Publius Flavius cautioned us to prepare for war at a time of peace. The attack on the Army Public School on December 16, 2014, is perhaps war for us as a daily presence, but how prepared are we against the thinking that perpetrates violence against children?
Terrorists murdered 144 of Pakistan’s young children, one of them, a little girl, and we felt its reverberations into every aspect of our lives. The state awakened from its slumber and was forced to turn towards the menace of extremism that thrived in its recesses. The army fixed its compass and waged war on the Taliban. Parents perhaps never ever forget the APS attack every time they drop their kids to school in the morning. Children woke up with nightmares. No amount of regurgitating its harrows can help catharsis the pain. The real fear, however, is that these assaults on our children catch on.
Nowhere in the world have there been more attacks on schoolchildren than in the US. Researcher and avid writer Malcom Gladwell references Stanford sociologist Mark Granovetter’s research on individual behaviour during riots. In the research, Granovetter talks of this concept called the threshold — the automatic ability of people in the madding crowd to be violent after the first psychopath makes the initial violent move, followed by others, one after the other. He talks of the referencing that goes on among even the most benign people to act out in violence because the cultural narrative of the time defines shocking violence against the weakest and most vulnerable. Since Sandy Hook’s 2012 attack on elementary school children, there have been over a hundred and forty school shootings in the US.
If this is true, then we have every reason to awaken; continue the war on the enemy; obsess over that fateful day and to wake up in a sweaty nightmarish state. If this is true, we must also realise that it makes all the sense to work tirelessly to stop that next attack, which the APS attack is likely to sadistically inspire. We must certainly not apply the adhocism that Pakistan uses as a policy on the issue of our children’s safety and protection. To date, schools around Pakistan do not have the security measures that require it to make it unbreachable by possible terrorists.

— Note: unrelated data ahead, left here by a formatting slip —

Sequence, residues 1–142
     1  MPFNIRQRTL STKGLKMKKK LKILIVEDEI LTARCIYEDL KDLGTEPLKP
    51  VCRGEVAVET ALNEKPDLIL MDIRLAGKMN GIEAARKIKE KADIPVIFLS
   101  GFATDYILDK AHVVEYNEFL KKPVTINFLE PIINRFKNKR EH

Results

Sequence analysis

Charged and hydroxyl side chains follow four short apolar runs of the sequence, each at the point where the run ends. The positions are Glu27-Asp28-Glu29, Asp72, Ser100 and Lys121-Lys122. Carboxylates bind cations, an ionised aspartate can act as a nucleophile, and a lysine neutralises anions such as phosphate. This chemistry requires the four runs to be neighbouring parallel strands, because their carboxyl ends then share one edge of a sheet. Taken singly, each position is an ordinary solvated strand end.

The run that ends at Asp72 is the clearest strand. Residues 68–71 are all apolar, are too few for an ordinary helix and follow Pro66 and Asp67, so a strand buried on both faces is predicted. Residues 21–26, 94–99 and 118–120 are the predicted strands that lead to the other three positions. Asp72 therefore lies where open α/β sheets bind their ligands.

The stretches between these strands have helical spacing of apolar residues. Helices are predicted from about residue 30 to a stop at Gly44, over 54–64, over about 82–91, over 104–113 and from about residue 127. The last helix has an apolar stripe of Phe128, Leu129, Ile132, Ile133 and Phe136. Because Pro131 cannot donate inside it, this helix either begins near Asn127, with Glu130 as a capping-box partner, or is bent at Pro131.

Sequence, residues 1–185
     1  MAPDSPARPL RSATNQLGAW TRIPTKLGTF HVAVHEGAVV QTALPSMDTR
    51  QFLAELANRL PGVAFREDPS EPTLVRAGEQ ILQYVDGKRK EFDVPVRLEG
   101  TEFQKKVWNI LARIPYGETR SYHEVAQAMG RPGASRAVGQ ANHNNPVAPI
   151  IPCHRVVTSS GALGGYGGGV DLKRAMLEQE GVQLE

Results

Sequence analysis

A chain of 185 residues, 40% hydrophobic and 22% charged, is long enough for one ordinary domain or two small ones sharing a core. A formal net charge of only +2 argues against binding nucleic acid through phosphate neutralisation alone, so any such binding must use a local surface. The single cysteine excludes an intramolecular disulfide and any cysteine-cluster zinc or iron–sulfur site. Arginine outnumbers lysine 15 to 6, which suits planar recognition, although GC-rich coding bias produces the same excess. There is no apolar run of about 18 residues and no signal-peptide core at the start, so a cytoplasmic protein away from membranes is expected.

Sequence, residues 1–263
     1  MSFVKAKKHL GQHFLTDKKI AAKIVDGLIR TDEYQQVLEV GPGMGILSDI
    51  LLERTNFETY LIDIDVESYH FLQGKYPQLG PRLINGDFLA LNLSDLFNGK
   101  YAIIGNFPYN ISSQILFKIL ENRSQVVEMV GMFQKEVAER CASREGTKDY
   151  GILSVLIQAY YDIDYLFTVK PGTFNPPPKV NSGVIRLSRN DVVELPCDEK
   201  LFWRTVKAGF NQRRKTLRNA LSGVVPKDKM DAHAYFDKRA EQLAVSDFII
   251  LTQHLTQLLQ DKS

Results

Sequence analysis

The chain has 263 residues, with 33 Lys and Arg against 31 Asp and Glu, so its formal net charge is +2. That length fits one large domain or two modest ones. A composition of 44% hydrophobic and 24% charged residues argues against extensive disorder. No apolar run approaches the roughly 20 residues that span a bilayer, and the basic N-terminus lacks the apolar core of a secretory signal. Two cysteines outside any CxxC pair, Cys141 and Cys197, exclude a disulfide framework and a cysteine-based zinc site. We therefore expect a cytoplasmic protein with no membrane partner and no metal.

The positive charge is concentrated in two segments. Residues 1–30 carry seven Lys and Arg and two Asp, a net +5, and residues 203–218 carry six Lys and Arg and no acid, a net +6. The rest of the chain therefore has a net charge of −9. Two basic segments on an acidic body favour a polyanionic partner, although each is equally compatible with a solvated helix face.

Suppose for a moment that it is not only about building physical walls between our children and terrorists, then the challenge is even more expansive. The Inter-Services Public Relations (ISPR), a few months ago, released a music video with the theme of taking measured revenge from the enemy by educating their children. The message being imparted in the video is well meant but only partially accurate. There needs to be a concerted review of the content that our own children (not just the children of terrorists) are being taught in schools.
As a country that revised its school’s curriculum in the 70s, on the lines of religious indoctrination — schools and madrassas both are jihadist factories — we have done nothing to toss out the garbage of self-righteousness. This is cannon fodder for the killers of our children who are erroneously thought to be from among psychopaths, but in fact are from among our own milieu. The video should have demanded a revision of our own children’s school curriculum where only one specific brand of Muslims deserve to live.
Malcom Gladwell says, invariably, the form of these ‘riots’ or instances of violence become more and more self-referential and more ritualised. What I would like to press is that we are a cesspool of possible violators whose threshold factors are very low. Our own schools produce the thinking that de-emphasises human values and inclusion.
The country has no capacity to face another APS-like blow to its diaphragm. We have not only lost investments, we have also had a considerable amount of brain drain and fleeing of expats after that attack. All this takes our country back, several years; restricts our influence, both geopolitical and national, and also intellectually stiffens our thinkers and opinion-makers. There are enough of these in the media, particularly the Urdu press, that have used the APS attack as an opportunity to play on the fears of Pakistan’s people — warning them of a doomsday scenario unless they become more exclusivist and inward.
For now, we need to relook at our children’s books, if we want to put an end to the increasing threshold of violence.
Published in The Express Tribune, March 23rd, 2016.